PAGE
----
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What do Richard BransonSheryl Sandberg, and Howard Schultz all have in common?

They are good, but also lucky. Allow me to explain.

It’s better to be lucky than good, the adage goes. I don’t believe that, but I am certain of this: All great leaders are lucky and good.

No matter how talented and intelligent you are, you can’t rise to the top of your industry without a bit of luck. You find yourself at the right place at the right time. You read a news article that sparks an idea. You make a connection that opens a door.

This happens every day in the business world. The first Spartan race I ever put on was actually just a few of my friends racing up and down the mountain behind my farm in Vermont. A bit of luck made this happen and helped turn it into a business.

I got lucky, but I put myself in position to get lucky. Richard Wiseman, a professor of psychology at the University of Hertfordshire, has been studying the science of luck for decades and concluded this: Successful people make their own luck.

In one of Wiseman’s experiments, he asked a group of self-proclaimed “lucky” and “unlucky” people to count the number of photos in the newspaper. The lucky people overwhelmingly saw the ad on the second page giving them the answer and telling them to stop. The unlucky people missed it.

Lucky people, concluded Wiseman, keep themselves open to new experiences and opportunities, which leads to “lucky” successes. This is why I accept every meeting and networking opportunity I can.

For business leaders, serendipity can lead to the so-called impostor syndrome—or the belief that your accomplishments are all due to luck. Some doubt that they have any special talents, smarts, or skills.

The impostor syndrome is especially common among perfectionists, high-achievers, and natural-born leaders, but almost everyone experiences it at some point in their lives. Most of us won’t admit it. When you’re the emperor, you don’t want anyone to notice you own no clothes.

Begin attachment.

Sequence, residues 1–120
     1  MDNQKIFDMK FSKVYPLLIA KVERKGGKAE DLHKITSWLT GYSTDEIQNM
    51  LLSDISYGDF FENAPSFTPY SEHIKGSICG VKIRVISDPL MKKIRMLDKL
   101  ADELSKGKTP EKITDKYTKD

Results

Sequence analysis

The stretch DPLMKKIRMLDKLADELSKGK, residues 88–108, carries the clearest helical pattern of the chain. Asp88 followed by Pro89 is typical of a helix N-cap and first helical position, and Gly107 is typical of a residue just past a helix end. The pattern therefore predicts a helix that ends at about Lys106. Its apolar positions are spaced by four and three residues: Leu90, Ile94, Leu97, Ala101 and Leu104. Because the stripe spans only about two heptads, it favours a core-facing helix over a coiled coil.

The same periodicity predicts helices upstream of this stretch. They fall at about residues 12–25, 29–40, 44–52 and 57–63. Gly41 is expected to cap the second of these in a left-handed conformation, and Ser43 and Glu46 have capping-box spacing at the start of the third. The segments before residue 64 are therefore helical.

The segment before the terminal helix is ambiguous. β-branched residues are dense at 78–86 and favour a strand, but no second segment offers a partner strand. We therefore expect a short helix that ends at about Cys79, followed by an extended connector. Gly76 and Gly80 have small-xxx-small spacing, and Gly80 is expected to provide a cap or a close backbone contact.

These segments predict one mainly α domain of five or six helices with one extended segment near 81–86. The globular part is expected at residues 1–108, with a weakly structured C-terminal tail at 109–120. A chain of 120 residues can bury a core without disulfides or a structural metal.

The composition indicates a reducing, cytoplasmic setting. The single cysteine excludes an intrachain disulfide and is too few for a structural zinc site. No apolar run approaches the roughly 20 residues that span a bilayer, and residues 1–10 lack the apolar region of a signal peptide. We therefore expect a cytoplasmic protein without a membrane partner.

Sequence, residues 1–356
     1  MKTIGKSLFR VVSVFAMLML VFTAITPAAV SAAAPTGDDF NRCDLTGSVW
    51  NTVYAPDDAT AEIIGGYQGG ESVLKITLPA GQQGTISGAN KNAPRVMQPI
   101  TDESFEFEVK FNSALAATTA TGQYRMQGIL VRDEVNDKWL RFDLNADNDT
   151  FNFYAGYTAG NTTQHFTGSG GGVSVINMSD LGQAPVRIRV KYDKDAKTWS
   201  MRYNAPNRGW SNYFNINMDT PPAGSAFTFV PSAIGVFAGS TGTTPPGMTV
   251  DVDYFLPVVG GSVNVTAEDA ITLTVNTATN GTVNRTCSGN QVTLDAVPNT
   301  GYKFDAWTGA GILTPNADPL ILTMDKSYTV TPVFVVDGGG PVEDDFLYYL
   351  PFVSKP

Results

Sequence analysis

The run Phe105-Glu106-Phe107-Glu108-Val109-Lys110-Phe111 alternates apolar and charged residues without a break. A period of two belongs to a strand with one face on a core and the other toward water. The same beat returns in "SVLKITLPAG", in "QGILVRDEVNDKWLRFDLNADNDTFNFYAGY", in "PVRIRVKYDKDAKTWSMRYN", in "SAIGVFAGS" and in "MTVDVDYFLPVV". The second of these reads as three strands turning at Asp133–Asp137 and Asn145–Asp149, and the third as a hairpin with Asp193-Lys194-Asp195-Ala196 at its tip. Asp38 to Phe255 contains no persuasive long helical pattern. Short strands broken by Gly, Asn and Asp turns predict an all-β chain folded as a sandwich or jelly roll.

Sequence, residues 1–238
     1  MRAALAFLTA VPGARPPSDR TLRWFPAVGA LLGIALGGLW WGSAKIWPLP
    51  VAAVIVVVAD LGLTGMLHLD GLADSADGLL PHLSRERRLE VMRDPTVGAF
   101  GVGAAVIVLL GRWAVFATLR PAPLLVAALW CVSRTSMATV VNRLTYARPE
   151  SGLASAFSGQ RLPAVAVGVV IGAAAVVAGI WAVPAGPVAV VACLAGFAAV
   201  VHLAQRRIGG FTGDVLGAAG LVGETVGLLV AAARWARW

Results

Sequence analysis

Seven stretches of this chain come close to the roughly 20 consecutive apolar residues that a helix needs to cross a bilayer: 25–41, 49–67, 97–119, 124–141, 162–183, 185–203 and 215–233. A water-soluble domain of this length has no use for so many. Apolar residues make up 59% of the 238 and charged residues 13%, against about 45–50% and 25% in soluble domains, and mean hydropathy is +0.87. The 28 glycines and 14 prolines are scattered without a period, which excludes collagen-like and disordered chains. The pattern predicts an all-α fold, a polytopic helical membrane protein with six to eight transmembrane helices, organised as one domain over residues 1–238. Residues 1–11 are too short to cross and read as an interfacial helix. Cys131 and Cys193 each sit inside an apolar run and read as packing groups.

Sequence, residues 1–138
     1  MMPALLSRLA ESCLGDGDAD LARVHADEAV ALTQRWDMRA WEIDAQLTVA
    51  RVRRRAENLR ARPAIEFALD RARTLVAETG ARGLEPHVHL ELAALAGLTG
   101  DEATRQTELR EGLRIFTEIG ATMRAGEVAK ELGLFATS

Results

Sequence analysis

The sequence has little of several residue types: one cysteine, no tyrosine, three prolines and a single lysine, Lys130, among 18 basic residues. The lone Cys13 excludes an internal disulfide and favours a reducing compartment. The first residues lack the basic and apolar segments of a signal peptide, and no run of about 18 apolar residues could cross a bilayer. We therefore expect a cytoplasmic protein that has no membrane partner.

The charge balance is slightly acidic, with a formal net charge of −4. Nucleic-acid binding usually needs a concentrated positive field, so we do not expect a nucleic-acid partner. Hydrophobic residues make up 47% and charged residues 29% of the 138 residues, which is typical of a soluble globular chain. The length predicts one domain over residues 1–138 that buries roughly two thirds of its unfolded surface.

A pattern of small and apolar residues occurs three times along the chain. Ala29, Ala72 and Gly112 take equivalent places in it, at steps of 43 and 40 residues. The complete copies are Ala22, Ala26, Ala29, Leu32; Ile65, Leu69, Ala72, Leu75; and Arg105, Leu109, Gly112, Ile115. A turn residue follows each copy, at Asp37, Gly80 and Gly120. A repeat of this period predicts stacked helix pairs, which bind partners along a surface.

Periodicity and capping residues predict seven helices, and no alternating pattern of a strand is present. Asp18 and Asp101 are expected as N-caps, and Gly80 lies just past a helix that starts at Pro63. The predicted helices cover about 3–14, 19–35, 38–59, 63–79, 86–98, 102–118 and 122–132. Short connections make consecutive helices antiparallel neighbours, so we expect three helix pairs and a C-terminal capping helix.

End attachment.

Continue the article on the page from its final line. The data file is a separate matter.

How do you overcome the impostor syndrome? Start by accepting this simple truth:

All great leaders are terrified.

“Very few people, whether you’ve been in that job before or not, get into the seat and believe today that they are now qualified to be the CEO,” Howard Schultz told the New York Times.

That insecurity, he added, is actually a strength. You may not always know exactly what you’re doing, but you stay open to figuring it out along the way. In other words, you position yourself to get lucky.

If you’re feeling doubt, try this five-step plan to combat impostor syndrome.

Step #1: Call Out the Culprit

When you feel it, pinpoint what’s causing your anxiety. Were you recently promoted? Have you been asked to deliver the keynote speech at a prestigious conference? Are you under a crushing deadline?

Impostor syndrome can hit at any time, but identifying the root cause is the first step in overcoming it.

Step #2: Identify Your Zone of Genius

What are you uniquely great at? Gay Hendricks, author of The Big Leap, calls this your zone of genius. How are you leveraging those talents to make an impact at your company? What have you accomplished over your career thanks to your zone of genius?

It’s not good to live in the past, of course, but it’s important to reflect on it. Remind yourself of everything that you’ve achieved, and don’t forget the hard work and perseverance it took to get there. Make no mistake: You’ve earned your spot.

Step #3: Talk to the Last Person Who Promoted You

Could be a current or former supervisor. Either way, she wouldn’t have promoted you just for the hell of it. If you fail, she fails.

Ask what made her think you’re ready for the next step. What potential did she see? Are you living up to it?

This is a great opportunity to get honest feedback. In addition, she surely has experienced similar feelings of doubt or inadequacy and will be able to offer reassurance and advice.

Step #4: Make a Courageous Decision

When in doubt, there’s no better way to push that feeling aside than to take action. Yes, it’ll be scary, but it’s the only way to grow.

Whether you’re thinking about asking for more responsibility, considering a job change, or launching a side hustle, there’s only one way to find out if you’ve got what it takes: Go for it.

Courageous decisions are contagious. Make one, and it’s far easier to make a second … and a third and a fourth. When they pay off, they drive you closer to your goal. When they don’t, they teach you important lessons. Either way, you win.

Step #5: Share Your Knowledge

What could you possibly pass on to others? A lot. Everyone has something worthwhile to teach; you just have to figure out what it is.

Sharing your experiences won’t just help others on their own journeys. It’ll help you realize that you’re right where you belong.